By Billian T Matambo
Dated 08/03/21.

The victimization of locals, violation of human rights and killings of artisanal miners is not only robbing family breadwinners but the whole community of Chiadzwa is devastated by these acts of bloodshed. It’s even shocking and uniquely surprising that the security guards, police and army who are supposed to be protecting the citizens are responsible for the merciless killings. The law is now in their hands and seems they are above the law thus we wonder where are the eyes of ‘Big Brother’. We are now an exact replica of ‘Animal Farm’ hence the million-dollar question is how did we reach here? What happened to the rule of law?

ZIDAWU hosted a whatsapp virtual dialogue on 5 March 2021 to ascertain ways that can eliminate these violations and promote communities beneficiation in the diamond mining sector. The discussion based on the theme ‘ tracking the footprint towards formalisation of artisanal diamond mining’ was attended by more than 200 participants. The major purpose was to map a way that can stop criminalization of artisanal diamond mining which seems to be the root cause of these killings and violations of human rights. Locals are subjected to inhumane treatment daily by the police and army all in the name of protecting our precious stones. Artisanal miners are being killed each and every time and vicious dogs being unleashed on innocent villagers accused of trespassing. Moreover, women and young girls are exposed to all kinds of assaults and brutality at Tenda shopping centre by uniformed forces in search of artisanal miners . The locals are caught between this cat and mouse game by security details and artisanal miners.
The issue of formalisation of artisanal diamond miners is critical and has always been of paramount concern to communities as it is argued can be a major breakthrough for communities to enjoy the crumbs of the minerals. Its evident across all sectors of economy especially the mining sector in Zimbabwe that we have a ‘Big Brother’ who ‘just eat’ from every plate. The ‘just eat’ phenomenon has deep roots in the mining sector whereby host communities are left to wallop in abject poverty yet being occasionally called to applause and ululate whilst ‘Big Brother’ is looting all the minerals. Thanks to CSOs who are working tirelessly to open the eyes of communities who are often regarded as docile and naive by ‘Big Brother’s friends from China.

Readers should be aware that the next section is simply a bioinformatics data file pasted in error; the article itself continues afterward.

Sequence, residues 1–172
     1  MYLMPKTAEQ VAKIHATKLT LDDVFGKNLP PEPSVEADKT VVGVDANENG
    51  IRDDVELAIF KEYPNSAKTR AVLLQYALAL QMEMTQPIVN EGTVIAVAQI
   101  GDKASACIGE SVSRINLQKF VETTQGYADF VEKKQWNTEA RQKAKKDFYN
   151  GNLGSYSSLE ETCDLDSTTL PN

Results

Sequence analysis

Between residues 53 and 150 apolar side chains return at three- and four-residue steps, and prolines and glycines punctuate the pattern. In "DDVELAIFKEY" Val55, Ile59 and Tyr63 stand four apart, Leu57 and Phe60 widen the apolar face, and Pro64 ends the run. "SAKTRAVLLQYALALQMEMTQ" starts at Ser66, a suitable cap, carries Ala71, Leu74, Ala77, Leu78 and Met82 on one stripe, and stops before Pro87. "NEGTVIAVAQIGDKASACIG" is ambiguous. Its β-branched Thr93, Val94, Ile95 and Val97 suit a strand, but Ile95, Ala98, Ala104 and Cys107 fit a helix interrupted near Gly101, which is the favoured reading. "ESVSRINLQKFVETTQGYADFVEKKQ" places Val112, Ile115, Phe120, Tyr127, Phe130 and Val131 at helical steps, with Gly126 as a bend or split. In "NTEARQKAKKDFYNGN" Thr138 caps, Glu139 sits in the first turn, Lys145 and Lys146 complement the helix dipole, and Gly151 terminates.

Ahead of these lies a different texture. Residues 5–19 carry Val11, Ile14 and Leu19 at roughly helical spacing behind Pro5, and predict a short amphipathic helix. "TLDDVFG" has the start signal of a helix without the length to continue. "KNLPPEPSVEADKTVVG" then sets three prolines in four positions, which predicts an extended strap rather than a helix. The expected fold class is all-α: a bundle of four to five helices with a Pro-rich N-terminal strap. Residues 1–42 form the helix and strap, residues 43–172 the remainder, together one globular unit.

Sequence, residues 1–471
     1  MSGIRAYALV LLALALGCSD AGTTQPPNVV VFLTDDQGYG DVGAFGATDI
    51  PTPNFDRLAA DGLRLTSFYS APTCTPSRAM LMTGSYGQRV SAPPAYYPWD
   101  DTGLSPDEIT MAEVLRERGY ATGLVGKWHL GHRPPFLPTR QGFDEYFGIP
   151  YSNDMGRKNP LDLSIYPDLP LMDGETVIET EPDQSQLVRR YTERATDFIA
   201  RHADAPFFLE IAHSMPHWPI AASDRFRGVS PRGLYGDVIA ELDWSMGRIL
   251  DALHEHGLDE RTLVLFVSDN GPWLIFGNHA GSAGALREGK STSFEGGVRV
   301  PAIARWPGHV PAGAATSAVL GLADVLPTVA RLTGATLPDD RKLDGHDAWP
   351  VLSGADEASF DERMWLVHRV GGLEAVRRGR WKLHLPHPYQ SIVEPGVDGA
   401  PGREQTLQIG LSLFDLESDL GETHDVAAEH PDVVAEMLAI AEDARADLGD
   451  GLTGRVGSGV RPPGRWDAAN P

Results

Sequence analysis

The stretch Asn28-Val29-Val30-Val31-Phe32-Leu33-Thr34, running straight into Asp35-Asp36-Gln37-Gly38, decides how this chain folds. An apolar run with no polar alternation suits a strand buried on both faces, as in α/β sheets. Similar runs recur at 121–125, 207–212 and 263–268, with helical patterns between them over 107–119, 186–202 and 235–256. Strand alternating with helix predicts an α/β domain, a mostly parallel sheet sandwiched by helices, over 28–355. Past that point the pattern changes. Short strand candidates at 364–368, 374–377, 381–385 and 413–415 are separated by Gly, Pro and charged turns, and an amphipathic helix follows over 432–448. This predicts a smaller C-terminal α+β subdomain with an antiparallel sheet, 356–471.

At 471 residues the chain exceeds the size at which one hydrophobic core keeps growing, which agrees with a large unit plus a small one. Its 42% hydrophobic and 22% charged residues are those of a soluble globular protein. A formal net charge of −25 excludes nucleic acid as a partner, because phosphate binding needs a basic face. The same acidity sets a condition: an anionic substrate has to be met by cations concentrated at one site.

It is disheartening that whenever locals are caught eating the residue through rtisanall mining they are branded trespassers, thieves or gwejas and are severely punished. But then how can one trespass on his home area when in actual fact the mining concession is at the centre of the community and is unfenced. The unprecedented behavior of these ruthless security details left nothing to be desired about our precious stones. It is worrisome when the government which has the mandate to protect its citizens is the one perpetrating against its own people. If community Monitors fold their hands and became spectators, it will tantamount to us openly witnessing our own destruction and violation of human rights and freedoms .CBOs in Marange have been making noise, pleading to the authorities since 2006 to stop the violations and killings but seems our voices are falling on deaf ears. Its almost 2 decades now and we are still crying with the same problem whilst ‘Big Brother’ just consumes everything without even caring for the wellbeing of the host communities.

With all this in mind communities are advocating for legalisation of artisanal mining. The formalisation will aid greatly in closing the gaps in the mining sector and stop syphoning of diamonds and other minerals. As communities we are certain that benchmarking our wishes with Kimberly process guidelines will be the best. The move will bring a sense of ownership to the community and enhance community beneficiation from our natural resources. Basically looking into the bigger picture artisanal mining was there and will be always there despite government’s countless efforts to stop it. Its now like an unstoppable train and its of no use fighting people in a do or die situation due to poverty. Whether we like it or not our diamonds are channelled through the black market benefitting the wrong people all because of the criminalisation of artisanal mining. So why not formalising it and put an end to diamond black markets and illicit financial flows(iff) Another advantage is that this will most probably eradicate victimization and brutal killings of artisanal miners by security details in the name of protecting precious gems.
Government is very much aware of communities’ plea for the formalisation of artisanal mining in the diamond sector. We have been using CSO organizations like Zimbabwe Environmental Law Association (ZELA) to push for policy change as far as mining is concerned. Will ‘Big Brother listens to our plea ?, only time will tell. With the bureaucracy in government departments which stalls development and hinder progress of processes, we will continue lobbying. Section 13(4) of the constitution clearly states that communities must benefit from their natural resources but are we benefiting? Absolutely no, we are only harvesting thorns by being at the receiving end of negative impacts of mining.

The New mines and mineral bill needs to be a pacesetter on legalisation of artisanal mining. On the other hand communities need to push for transparency and accountability in the diamond mining sector with a focus on artisanal mining. It is highly probable that with formalisation of artisanal diamond mining Chiadzwa or Zimbabwe , curbing smuggling , our national development will never be the same again.